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Symbiosis Mint-Burn Process

Symbiosis core smart contracts: Portal/Synthesis contracts and mint/burn processes.

Minting and Burning Intro

Symbiosis core smart contracts are open source and available at https://github.com/symbiosis-finance/core-contracts​
For security audits of Symbiosis core smart contract, please refer to the Security Audits document.
The Symbiosis protocol mints and burns sTokens during cross-chain operations conducted via the Symbiosis protocol. The Portal and Synthesis contracts are the main smart contract of the mint-burnt process:
  • Whenever Portal locks a number of tokent, Synthesis mints the same number of sTokens (Scheme 1),
  • Whenever Synthesis burns a number of sTokens, Portal on the corresponding blockchain releases the same number of tokens (Scheme 2).
Where the sTokens are the representation of tokens from another blockchain. More about the sToken concept can be found in the Wrapped Tokens and sTokens document.
The Symbiosis protocol works with a chosen stablecoin* on every supported blockchain; for example, it's USDC on Ethereum and BUSD on BNB Chain. The sToken for USDC is sUSDC, and the sToken for BUSD is sBUSD.
*The Symbiosis protocol works with a chosen stablecoin on every supported blockchain with one exception: SIS token on Ethereum. Check the section below SIS on BNB.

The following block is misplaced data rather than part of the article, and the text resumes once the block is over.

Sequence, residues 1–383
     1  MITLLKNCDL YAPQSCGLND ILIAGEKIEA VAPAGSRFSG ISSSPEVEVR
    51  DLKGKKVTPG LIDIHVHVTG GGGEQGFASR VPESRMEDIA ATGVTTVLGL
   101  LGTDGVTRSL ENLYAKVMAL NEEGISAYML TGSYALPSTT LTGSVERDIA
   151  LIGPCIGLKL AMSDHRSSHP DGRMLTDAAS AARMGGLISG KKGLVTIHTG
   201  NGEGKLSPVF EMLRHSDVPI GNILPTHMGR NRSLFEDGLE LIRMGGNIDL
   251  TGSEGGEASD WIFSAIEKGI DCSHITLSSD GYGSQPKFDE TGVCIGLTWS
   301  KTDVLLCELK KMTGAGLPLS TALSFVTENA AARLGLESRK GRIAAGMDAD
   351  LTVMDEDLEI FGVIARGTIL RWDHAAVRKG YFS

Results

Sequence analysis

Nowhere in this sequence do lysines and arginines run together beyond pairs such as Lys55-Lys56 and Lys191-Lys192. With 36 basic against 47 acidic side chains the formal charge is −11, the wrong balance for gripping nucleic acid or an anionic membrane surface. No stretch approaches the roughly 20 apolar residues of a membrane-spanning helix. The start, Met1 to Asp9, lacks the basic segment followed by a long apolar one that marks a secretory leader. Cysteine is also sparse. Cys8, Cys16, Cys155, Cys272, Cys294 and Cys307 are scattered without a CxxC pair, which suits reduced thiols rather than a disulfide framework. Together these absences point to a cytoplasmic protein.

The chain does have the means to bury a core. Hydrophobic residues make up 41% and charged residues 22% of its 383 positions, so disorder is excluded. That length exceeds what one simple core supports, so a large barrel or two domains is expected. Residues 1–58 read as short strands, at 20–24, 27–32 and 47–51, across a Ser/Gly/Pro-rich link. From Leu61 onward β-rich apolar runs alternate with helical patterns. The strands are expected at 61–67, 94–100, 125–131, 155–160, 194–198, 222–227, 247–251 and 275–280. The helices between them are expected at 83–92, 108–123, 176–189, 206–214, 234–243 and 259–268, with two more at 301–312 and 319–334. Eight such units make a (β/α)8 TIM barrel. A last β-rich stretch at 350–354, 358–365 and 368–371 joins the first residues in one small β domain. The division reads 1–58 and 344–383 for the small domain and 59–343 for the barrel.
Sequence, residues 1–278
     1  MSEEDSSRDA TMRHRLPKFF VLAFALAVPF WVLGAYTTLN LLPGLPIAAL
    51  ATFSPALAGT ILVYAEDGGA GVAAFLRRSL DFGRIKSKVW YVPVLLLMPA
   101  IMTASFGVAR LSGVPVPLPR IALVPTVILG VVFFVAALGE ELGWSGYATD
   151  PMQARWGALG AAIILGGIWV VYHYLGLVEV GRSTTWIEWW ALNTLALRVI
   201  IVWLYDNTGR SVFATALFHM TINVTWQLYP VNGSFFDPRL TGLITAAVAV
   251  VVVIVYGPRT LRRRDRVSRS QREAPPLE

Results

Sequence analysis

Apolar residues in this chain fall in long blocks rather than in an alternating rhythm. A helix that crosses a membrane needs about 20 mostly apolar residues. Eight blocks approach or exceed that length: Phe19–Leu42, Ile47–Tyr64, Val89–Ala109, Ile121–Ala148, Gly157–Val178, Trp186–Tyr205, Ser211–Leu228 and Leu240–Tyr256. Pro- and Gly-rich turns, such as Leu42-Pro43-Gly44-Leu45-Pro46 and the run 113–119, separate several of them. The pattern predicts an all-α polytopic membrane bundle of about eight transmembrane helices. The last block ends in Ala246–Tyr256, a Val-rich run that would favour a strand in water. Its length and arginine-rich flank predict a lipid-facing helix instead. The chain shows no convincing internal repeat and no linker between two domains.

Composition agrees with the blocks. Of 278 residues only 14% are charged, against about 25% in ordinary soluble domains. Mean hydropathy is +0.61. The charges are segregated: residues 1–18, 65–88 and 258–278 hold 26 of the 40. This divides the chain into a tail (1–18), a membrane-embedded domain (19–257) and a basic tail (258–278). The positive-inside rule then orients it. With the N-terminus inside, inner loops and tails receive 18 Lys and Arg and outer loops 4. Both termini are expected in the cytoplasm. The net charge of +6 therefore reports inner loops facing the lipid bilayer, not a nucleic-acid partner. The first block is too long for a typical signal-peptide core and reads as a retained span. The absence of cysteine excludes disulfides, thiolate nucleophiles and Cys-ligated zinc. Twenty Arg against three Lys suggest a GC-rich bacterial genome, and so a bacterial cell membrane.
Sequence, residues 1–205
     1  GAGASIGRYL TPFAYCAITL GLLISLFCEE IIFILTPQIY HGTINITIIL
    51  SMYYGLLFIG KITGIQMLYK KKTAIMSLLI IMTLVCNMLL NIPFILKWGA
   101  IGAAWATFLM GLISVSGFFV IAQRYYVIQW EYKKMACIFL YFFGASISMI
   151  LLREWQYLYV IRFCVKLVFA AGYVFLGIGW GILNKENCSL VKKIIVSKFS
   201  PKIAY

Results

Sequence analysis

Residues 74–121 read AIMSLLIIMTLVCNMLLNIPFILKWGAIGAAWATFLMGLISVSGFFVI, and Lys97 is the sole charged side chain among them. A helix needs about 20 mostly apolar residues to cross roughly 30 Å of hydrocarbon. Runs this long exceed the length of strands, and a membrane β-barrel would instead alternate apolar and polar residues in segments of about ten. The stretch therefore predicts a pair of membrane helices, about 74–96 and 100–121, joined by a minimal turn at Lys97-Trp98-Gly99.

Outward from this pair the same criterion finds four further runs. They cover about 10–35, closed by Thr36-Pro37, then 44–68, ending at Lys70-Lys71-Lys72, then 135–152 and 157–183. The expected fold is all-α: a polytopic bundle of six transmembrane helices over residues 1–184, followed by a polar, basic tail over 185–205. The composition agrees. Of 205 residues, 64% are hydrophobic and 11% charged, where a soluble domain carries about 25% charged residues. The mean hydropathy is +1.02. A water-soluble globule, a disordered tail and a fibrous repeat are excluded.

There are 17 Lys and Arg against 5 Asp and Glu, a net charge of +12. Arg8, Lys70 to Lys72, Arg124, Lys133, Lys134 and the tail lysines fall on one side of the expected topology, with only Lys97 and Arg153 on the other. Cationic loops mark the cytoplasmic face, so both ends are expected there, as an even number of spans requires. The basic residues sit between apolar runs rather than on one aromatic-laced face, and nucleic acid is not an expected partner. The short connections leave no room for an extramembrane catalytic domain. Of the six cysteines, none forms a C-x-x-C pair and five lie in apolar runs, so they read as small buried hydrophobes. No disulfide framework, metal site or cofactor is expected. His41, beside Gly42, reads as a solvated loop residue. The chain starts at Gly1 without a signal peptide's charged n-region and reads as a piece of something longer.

Schemes 1 and 2 show real cases using Ethereum and BNB Chain.
Scheme 1. The minting routine of Symbiosis protocol V2.
Scheme 2. The burning routine of Symbiosis protocol V2.
Steps 1-7 shown in Scheme 1 and 2 are a part of each cross-chain operation. Please refer to the Metarouter V3 document to see the entire picture.
About relayers. The Symbiosis relayers network is a P2P network with built-in crypto-economic incentivization mechanisms. The relayers network is an off-chain part of the Symbiosis protocol. The main purpose of the network is a fast, accurate, and secure transfer of information about cross-chain operations conducted via the Symbiosis protocol. Please refer to Symbiosis Relayer Network for more information.

SIS on BNB

SIS is the token of the Symbiosis protocol. Token holders can bridge their SIS tokens from Ethereum to the BNB chain via the Symbiosis protocol: Schemes 3, 4 below.
Scheme 3. Bridging SIS tokens to the BNB chain.
Scheme 4. Burning SIS BNB to get SIS tokens on Ethereum.

No Double Spending

Any cross-chain operation in Symbiosis protocol V2 consists of two or three transactions.
If S-chain isn't the source or destination blockchain of a cross-chain operation, we will have three transactions:
  1. 1.
    The first transaction (signed and sent by a user) is on the source blockchain,
  2. 2.
    The second transaction (signed and sent by relayers) is on S-chain, and
  3. 3.
    The third transaction (signed and sent by relayers) is on the destination blockchain.
If S-chain is the source or destination blockchain of a cross-chain operation, we will have two transactions:
  1. 1.
    The first transaction (signed and sent by a user) is on the source blockchain, and
  2. 2.
    The second transaction (signed and sent by relayers) is on S-chain.
or
  1. 1.
    The first transaction (signed and sent by a user) is on S-chain, and
  2. 2.
    The second transaction (signed and sent by relayers) is on the destination blockchain.
Each cross-chain operation has its unique ID that is calculated using the calldata of the cross-chain operation. The Portal and Synthesis contracts check the ID of each processing cross-chain operation and keep records of executed ones.